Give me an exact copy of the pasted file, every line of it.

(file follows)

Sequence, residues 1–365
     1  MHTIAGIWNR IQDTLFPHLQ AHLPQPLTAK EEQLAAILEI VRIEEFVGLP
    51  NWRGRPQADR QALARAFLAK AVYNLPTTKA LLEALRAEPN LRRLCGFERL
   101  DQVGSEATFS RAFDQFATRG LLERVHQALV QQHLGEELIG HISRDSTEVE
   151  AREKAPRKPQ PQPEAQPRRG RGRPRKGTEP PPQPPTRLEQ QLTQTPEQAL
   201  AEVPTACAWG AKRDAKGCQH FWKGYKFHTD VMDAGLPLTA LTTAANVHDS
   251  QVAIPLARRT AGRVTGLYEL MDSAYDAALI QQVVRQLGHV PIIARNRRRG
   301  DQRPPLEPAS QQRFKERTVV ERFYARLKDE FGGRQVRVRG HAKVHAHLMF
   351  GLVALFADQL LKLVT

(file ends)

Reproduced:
Sequence, residues 1–365
     1  MHTIAGIWNR IQDTLFPHLQ AHLPQPLTAK EEQLAAILEI VRIEEFVGLP
    51  NWRGRPQADR QALARAFLAK AVYNLPTTKA LLEALRAEPN LRRLCGFERL
   101  DQVGSEATFS RAFDQFATRG LLERVHQALV QQHLGEELIG HISRDSTEVE
   151  AREKAPRKPQ PQPEAQPRRG RGRPRKGTEP PPQPPTRLEQ QLTQTPEQAL
   201  AEVPTACAWG AKRDAKGCQH FWKGYKFHTD VMDAGLPLTA LTTAANVHDS
   251  QVAIPLARRT AGRVTGLYEL MDSAYDAALI QQVVRQLGHV PIIARNRRRG
   301  DQRPPLEPAS QQRFKERTVV ERFYARLKDE FGGRQVRVRG HAKVHAHLMF
   351  GLVALFADQL LKLVT